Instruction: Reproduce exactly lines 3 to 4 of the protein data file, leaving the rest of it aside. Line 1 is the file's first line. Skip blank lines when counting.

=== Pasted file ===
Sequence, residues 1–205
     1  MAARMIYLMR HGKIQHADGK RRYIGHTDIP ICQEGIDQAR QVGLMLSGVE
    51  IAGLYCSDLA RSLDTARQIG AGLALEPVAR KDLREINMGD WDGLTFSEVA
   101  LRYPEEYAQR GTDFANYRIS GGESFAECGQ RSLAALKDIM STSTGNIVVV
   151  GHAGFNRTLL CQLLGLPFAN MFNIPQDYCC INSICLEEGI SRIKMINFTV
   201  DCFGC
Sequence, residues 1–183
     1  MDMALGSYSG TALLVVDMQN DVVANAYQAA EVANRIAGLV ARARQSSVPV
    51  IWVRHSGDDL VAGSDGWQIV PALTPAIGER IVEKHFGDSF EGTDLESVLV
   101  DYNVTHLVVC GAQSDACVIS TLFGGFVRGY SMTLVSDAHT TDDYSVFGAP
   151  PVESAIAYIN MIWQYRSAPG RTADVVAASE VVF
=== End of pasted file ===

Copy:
    51  IAGLYCSDLA RSLDTARQIG AGLALEPVAR KDLREINMGD WDGLTFSEVA
   101  LRYPEEYAQR GTDFANYRIS GGESFAECGQ RSLAALKDIM STSTGNIVVV